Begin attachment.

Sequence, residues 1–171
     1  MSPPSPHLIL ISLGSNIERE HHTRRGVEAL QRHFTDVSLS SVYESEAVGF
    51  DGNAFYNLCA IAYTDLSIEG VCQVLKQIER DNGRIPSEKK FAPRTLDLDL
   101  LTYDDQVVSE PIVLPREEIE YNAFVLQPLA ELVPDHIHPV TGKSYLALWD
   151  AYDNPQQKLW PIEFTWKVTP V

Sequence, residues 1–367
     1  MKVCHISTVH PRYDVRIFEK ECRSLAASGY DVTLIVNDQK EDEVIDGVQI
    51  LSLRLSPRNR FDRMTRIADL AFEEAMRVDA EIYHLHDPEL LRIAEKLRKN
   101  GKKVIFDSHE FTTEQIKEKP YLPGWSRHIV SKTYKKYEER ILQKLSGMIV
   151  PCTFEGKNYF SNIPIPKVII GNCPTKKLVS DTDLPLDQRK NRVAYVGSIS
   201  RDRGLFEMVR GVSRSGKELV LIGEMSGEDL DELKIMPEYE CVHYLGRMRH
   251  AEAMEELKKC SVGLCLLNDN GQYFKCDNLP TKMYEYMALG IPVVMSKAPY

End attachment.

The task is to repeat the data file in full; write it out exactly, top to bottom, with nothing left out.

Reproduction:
Sequence, residues 1–171
     1  MSPPSPHLIL ISLGSNIERE HHTRRGVEAL QRHFTDVSLS SVYESEAVGF
    51  DGNAFYNLCA IAYTDLSIEG VCQVLKQIER DNGRIPSEKK FAPRTLDLDL
   101  LTYDDQVVSE PIVLPREEIE YNAFVLQPLA ELVPDHIHPV TGKSYLALWD
   151  AYDNPQQKLW PIEFTWKVTP V

Sequence, residues 1–367
     1  MKVCHISTVH PRYDVRIFEK ECRSLAASGY DVTLIVNDQK EDEVIDGVQI
    51  LSLRLSPRNR FDRMTRIADL AFEEAMRVDA EIYHLHDPEL LRIAEKLRKN
   101  GKKVIFDSHE FTTEQIKEKP YLPGWSRHIV SKTYKKYEER ILQKLSGMIV
   151  PCTFEGKNYF SNIPIPKVII GNCPTKKLVS DTDLPLDQRK NRVAYVGSIS
   201  RDRGLFEMVR GVSRSGKELV LIGEMSGEDL DELKIMPEYE CVHYLGRMRH
   251  AEAMEELKKC SVGLCLLNDN GQYFKCDNLP TKMYEYMALG IPVVMSKAPY